As described in Ref. 1 and 2, and widely promulgated around UAM circles, NASA developed a framework for evolving UAM Maturity Levels (UMLs). This captures an evolution vision as far as UML-4, which entails hundreds of simultaneous operations, expanded networks with closely spaced high-throughput aerodromes, numerous air traffic management services, simplified aircraft operations and low-visibility operations. Presently beyond the FAA’s and NASA’s focus is UML-5, which could have about ten times the throughput and adds remotely flown, autonomous (see info box, “What is ‘Autonomous’”) and M:N operations (i.e., more airborne aircraft than humans responsible for their safe flight). UML-6 could include another order of magnitude greater throughput and adds ad-hoc landing sites, truly ubiquitous use with high throughput, and supporting societal expectations (i.e. the level seen in “The Jetsons”).

The NASA papers (Ref. 1 and 2) did not detail what would be involved to reach the mature state (UML-5 and 6). Nevertheless, we can extrapolate this work to propose a UAM ConOps at the end of this evolutionary line. Doing so not only illuminates challenges but guides us in laying the tracks for the lower-level goals. Ideally, we’d avoid developing dead-end capabilities that can’t expand to the ultimate UAM vision, although the reality of vastly increased throughput might require radical changes.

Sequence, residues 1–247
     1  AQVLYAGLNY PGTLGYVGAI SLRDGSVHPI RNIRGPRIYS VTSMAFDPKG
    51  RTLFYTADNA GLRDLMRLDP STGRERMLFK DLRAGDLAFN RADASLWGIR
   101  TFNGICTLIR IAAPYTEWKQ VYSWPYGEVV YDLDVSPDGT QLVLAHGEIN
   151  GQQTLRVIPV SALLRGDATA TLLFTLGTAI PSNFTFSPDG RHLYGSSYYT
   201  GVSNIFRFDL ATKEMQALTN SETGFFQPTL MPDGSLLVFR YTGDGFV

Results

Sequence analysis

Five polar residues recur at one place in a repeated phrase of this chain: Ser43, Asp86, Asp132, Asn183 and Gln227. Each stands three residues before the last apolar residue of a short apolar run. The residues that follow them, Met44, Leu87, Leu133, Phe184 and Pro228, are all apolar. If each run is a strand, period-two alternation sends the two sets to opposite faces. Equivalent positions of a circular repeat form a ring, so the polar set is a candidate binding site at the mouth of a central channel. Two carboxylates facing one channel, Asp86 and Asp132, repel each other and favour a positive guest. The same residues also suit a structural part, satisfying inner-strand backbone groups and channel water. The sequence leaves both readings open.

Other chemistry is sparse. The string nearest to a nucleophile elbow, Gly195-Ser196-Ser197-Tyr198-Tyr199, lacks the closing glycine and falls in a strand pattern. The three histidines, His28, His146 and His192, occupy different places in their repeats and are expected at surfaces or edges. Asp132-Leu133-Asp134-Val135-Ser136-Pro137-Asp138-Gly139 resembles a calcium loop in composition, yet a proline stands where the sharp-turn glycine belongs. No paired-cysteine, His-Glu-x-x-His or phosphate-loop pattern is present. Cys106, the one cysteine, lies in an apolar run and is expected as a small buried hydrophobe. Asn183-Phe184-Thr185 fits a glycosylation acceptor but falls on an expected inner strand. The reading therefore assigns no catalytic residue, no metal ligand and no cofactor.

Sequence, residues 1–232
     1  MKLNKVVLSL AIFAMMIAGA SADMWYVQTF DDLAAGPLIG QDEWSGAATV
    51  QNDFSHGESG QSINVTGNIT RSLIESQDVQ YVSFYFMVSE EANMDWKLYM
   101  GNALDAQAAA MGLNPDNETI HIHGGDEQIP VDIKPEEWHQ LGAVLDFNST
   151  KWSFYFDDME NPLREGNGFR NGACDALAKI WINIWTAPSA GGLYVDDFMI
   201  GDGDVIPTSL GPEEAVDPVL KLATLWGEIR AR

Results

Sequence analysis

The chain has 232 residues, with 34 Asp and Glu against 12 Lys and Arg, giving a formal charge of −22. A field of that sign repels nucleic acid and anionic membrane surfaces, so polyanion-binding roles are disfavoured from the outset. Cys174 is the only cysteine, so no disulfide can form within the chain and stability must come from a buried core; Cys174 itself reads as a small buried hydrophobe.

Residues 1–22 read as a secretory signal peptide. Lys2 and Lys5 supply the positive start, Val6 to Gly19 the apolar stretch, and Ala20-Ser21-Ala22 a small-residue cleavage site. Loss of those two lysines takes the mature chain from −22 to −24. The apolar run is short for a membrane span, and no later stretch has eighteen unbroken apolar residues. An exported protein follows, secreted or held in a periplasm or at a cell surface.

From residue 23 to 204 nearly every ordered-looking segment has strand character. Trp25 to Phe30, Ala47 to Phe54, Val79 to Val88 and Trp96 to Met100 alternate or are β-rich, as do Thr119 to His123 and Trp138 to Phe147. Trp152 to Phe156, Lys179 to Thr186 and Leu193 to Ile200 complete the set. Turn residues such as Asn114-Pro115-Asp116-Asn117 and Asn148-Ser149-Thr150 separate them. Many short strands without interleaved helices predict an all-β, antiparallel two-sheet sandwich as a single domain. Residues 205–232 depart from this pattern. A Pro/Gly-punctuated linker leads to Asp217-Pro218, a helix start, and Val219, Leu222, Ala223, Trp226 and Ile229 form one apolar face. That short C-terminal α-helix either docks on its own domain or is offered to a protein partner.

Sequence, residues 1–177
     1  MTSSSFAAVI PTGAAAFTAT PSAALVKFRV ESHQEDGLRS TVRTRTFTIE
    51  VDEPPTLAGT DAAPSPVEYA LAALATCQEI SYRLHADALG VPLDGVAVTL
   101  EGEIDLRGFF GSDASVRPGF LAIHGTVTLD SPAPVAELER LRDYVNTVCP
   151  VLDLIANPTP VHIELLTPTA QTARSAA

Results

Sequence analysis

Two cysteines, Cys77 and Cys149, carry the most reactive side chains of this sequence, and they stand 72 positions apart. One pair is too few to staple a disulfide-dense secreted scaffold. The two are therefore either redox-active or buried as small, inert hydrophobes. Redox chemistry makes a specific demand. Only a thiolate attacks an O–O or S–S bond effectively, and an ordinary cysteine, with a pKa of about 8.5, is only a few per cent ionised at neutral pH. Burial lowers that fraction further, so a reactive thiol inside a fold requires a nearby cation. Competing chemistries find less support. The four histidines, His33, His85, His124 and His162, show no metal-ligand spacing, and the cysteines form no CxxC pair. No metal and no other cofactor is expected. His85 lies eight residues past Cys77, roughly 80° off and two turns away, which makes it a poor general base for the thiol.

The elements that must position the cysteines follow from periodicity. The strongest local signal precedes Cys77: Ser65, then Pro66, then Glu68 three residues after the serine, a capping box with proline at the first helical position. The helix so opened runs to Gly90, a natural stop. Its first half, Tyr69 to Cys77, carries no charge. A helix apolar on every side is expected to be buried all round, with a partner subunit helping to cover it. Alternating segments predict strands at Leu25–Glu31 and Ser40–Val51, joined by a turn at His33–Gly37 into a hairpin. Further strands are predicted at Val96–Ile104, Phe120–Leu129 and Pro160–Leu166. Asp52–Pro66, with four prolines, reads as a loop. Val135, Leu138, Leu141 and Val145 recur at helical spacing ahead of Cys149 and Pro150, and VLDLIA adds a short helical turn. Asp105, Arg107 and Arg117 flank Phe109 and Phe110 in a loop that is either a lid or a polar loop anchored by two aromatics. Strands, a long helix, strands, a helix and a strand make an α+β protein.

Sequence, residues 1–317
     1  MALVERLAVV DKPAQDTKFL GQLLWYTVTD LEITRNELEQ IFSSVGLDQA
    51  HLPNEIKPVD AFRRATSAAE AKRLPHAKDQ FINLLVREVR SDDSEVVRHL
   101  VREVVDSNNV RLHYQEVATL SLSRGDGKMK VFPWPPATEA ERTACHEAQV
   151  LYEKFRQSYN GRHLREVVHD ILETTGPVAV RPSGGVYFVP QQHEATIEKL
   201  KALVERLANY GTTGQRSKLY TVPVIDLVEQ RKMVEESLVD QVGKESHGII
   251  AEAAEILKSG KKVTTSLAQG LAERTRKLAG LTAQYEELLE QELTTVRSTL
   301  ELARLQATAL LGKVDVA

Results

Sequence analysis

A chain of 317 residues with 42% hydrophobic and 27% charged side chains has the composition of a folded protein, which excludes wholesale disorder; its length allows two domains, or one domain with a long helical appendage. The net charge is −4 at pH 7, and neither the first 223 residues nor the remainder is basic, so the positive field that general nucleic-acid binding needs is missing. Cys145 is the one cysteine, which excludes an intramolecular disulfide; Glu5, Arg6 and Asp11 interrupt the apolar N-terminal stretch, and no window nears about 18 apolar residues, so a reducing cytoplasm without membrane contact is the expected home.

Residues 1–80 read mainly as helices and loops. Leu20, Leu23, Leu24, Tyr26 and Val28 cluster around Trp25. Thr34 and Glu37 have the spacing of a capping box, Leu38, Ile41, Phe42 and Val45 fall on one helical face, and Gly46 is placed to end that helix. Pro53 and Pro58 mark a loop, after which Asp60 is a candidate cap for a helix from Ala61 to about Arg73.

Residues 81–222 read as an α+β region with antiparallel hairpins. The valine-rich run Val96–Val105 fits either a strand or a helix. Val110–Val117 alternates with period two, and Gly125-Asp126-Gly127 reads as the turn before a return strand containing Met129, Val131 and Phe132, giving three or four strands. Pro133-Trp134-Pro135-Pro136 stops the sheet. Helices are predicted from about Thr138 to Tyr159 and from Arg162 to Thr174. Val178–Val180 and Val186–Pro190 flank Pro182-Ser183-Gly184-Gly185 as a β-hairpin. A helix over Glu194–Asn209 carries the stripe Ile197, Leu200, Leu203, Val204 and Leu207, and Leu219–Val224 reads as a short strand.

Towards this purpose, consider a notional UML-5/6 ConOps with the following features that rely heavily on automation. Note that this vision avoids the word “autonomy” (or the “Level 5 Automation” of Ref. 2) because humans are ultimately responsible and can override the automation to some degree. Also note this vision is deterministic; we have yet to develop a path to certify non-deterministic decision making.

  • Passenger and cargo transportation, including scheduled commuter, tourism, on-demand flights within the UAM ecosystem
  • Precisely planned, tightly choreographed (four-dimensional flow control) flight execution with landing tentatively approved before takeoff.
  • Automated flying without an onboard or remote pilot having direct flight path control.
  • Flights strictly between qualifying vertiports or other platforms.
  • Flight along surveyed routes in heavily trafficked areas with identified precautionary and emergency landing locations.
  • Common-use all-weather navigation equipment supporting UML-5/6.